Metaphylaxis remains a cost-effective tool for managing high-risk arrivals, but refinements could reduce the number of antibiotic treatments.
You can take preventive steps to protect calves from bovine respiratory disease (BRD), long before you ever reach for antibiotics.
When loads of stressed, high-risk calves arrive at the feedlot, it often makes economic sense to treat them all with antibiotics to prevent an almost-inevitable outbreak of bovine respiratory disease (BRD).
Cattle feeders first began using mass treatments for newly arrived calves back in the 1970s, as a means of controlling outbreaks of respiratory disease or “shipping fever.”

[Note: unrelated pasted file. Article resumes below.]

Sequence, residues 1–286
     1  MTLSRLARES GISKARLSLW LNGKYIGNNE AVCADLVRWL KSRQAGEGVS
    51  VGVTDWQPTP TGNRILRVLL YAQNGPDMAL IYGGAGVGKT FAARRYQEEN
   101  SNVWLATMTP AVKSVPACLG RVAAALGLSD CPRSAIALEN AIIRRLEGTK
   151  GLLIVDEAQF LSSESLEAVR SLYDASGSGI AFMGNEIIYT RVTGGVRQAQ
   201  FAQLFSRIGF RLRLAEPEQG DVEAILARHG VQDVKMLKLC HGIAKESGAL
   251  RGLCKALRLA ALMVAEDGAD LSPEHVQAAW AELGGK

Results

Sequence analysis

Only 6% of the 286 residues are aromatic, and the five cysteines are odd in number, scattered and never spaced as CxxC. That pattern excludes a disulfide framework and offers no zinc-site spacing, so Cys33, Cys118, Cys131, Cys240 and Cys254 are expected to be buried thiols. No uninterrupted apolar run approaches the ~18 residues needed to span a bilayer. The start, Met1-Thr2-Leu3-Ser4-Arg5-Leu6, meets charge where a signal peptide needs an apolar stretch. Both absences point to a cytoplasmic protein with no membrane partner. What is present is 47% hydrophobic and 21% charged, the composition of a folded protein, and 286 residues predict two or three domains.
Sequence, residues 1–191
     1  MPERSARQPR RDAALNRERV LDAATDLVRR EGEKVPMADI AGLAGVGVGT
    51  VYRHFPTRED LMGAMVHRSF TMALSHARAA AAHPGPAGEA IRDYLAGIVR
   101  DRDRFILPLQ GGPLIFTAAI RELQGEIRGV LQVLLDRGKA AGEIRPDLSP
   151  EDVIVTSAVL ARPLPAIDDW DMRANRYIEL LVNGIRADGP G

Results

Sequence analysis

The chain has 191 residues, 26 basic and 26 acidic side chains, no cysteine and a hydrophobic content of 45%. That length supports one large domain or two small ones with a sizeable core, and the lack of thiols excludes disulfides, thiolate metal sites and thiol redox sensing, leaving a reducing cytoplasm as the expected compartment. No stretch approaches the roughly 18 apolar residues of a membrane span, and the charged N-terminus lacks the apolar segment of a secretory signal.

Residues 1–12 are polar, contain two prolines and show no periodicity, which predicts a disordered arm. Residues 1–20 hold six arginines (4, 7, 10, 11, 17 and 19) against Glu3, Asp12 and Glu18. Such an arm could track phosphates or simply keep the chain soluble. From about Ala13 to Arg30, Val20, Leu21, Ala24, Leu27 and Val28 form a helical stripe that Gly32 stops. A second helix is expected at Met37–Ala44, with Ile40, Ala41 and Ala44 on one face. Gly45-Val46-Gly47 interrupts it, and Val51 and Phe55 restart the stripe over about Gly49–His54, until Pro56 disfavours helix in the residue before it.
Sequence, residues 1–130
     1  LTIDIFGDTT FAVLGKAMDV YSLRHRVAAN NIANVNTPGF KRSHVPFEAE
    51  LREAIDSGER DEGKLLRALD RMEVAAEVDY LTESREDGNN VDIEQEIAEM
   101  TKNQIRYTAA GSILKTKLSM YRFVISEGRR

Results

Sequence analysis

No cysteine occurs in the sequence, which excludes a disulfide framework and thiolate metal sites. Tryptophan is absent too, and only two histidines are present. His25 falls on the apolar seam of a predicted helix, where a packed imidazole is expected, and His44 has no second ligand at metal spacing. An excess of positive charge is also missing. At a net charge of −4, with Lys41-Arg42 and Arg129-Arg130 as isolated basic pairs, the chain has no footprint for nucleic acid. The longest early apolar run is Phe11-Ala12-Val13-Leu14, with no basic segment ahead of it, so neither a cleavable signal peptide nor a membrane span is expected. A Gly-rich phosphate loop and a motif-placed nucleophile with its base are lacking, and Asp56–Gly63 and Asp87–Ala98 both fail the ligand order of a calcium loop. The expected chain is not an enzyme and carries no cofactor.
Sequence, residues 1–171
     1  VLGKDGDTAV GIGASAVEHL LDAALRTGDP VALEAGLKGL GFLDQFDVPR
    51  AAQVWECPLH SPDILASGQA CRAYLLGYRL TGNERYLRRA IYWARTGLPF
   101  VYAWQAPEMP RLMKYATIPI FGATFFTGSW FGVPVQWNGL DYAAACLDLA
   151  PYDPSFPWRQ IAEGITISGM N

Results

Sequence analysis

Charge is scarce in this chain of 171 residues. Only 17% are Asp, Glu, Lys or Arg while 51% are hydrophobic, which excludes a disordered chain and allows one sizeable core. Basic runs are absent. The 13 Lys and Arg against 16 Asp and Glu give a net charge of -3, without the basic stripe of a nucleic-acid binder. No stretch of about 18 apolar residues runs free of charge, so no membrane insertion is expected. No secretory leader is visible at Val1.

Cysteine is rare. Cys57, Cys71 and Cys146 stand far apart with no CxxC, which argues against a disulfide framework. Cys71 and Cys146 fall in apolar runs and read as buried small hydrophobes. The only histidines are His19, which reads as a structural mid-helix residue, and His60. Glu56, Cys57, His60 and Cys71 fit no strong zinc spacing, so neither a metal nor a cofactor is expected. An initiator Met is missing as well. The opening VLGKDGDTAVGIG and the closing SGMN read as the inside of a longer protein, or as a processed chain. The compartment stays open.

Animal welfare, sustainability and economics are affected when beef cattle suffer from bovine respiratory disease, or BRD.
Research and practical experience have shown a genetic component to the ability of individual cattle, or sire lines, to resist BRD pathogens.
We need to better address all three components of the disease triad.
While researchers and the industry work to develop systems to better prevent BRD, timely treatments with antibiotics will remain a critical tool for minimizing losses associated with morbidity.
Assessing the risk of cattle needing treatment for bovine respiratory disease (BRD) requires consideration of far more than exposure to patahogens.